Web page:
Diversity view


Panará, like the majority of the peoples of the Jê linguistic family, live in round villages near the State limits of Mato Grosso and Pará. The houses are built on the edge of the circle. At the center, the space for political and ritual activities, is where the House of Men is located.
Photo: André Villas-Bôas, 1999.







The villages of the Krahó (TO), of the State of Tocantins, people of the Jê linguistic family, follow the Timbira ideal of disposing the houses along a wide circular path, with each of them connected by a radial pathway to the central patio.
Foto: Vincent Carelli, 1983.






The Gavião Parkatejê (PA) of the State of Pará speak Oriental Timbira (Jê linguistic family). This is one of their villages, Kaikotore. It is made of 33 brick houses built around a circle with a diameter of approximately de 200 meters. There is a wide path around the circle, in front of the houses, and several radial pathways linking it to the central patio, where all ceremonial activities are held.
Photo: Arquivo ISA, 1984.





In a large part of the villages of the present xavante (a Jê people from Eastern Mato Grosso) houses no longer follow the pattern seen in the picture: some combine a brick base and a thatched roof, while others are entirely made of dry grass, but with separated walls and roof. The preference for round houses, set up together in a horseshoe format (a semi-circle of houses opened in the direction of the nearest river), continues among the Xavant..
Photo: Rene Fuerst, 1961.




Among the Marubo, a group that belongs to the Pano linguistic family of the Javari River Valley, in the State of Amazonas, the only inhabited building is the elongated hut, covered with grass and ivorypalm from top to bottom, that is in the center of the village. The buildings around it, raised from the ground with stilts, are used as deposit and are individual properties.
Photo: Delvair Montager, 1978.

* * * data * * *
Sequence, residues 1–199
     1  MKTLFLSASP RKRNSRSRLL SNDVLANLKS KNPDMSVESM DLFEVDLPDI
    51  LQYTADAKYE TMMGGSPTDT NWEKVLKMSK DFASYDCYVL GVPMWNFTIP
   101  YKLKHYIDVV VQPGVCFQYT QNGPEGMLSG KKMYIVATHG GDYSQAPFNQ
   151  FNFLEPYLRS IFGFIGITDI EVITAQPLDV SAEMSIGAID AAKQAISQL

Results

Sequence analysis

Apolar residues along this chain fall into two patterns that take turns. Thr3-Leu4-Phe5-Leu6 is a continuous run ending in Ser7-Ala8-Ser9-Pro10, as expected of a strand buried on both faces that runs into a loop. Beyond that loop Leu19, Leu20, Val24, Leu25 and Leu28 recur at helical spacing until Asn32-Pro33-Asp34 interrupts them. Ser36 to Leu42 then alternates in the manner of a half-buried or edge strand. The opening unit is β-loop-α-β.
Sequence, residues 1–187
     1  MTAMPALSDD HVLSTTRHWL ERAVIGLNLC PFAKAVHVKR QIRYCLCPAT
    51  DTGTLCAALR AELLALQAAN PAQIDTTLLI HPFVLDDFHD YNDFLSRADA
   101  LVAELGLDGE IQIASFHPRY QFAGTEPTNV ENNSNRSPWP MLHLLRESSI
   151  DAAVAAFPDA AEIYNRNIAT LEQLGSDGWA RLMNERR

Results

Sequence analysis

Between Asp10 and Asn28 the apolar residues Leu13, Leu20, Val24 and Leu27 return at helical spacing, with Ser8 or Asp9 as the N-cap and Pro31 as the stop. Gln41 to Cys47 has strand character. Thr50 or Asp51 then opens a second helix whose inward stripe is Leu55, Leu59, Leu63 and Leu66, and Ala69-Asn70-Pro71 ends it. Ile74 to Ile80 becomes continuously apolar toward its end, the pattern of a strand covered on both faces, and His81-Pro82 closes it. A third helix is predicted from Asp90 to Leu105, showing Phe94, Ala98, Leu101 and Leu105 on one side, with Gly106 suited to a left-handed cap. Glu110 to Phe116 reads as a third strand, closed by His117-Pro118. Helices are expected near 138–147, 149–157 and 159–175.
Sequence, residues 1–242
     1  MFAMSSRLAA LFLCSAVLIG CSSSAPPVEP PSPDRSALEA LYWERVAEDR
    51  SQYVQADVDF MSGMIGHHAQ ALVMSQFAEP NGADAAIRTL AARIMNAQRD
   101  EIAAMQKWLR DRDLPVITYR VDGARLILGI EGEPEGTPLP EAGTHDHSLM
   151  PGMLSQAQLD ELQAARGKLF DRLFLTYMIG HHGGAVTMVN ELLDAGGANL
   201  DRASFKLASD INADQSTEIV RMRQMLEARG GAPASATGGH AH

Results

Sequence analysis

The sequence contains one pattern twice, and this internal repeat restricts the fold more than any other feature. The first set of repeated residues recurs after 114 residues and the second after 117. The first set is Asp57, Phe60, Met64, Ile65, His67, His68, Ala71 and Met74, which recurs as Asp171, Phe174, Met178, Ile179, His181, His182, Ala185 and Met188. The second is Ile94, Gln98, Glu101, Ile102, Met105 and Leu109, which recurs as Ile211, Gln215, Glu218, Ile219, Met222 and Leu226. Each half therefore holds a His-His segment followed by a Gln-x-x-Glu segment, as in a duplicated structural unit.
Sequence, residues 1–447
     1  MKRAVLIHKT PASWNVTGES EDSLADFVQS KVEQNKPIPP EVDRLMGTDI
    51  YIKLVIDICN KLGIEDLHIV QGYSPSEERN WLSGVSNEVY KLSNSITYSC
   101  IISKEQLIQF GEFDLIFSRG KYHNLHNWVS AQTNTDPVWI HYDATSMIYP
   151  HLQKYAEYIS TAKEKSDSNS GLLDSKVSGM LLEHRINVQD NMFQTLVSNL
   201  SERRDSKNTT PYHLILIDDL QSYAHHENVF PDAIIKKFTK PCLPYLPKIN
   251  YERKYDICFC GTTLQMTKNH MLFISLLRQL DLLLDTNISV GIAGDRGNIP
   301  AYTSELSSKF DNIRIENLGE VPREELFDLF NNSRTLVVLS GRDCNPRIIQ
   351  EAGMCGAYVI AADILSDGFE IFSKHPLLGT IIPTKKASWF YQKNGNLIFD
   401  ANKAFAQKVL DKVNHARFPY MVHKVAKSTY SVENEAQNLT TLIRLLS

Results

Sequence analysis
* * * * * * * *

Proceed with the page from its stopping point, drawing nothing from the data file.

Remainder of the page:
The Enawenê-Nawê of the State of Mato Grosso, a group that belong to the Aruaque linguistic family, live in villages made of large rectangular houses. A circular house, built more or less in the center, is where their flutes are kept. Rituals and games are held in the central patio.
Photo: Ana Lange, 1979.





The Eastern and Western Yanomami usually live in a single hut inhabited by several families, such as the one of the photo, of the Tootobi group of the State of Amazonas. Considered an autonomous political and economic entity, it is the home of all the members of the village.
Photo: René Fuerst, 1961.






Here, the interior of a collective yanomami house.
Photo: René Fuerst, 1961.






The maloca-museum São João (‘maloca’ is the name of an Indian hut), on the Tiquié River, State of Amazonas, is an example of how the so-called ‘forest Indians’, who spoke languages of the Aruaque and Tukano families, of the regions of the Upper Negro River basin, used to live. It is not just a community house, but also an essential space for the performance of rituals. Its internal design makes it possible for those who live in it to revive, in great ceremonies, the trajectory of mythical ancestors.
Photo: Beto Ricardo, 1993.



The Palikur of the State of Amapá also belong to the Aruaque linguistic family. Their villages are built facing the river. In the largest of them, Kumenê, the houses are built along two parallel streets.
Foto: Vincent Carelli, 1982.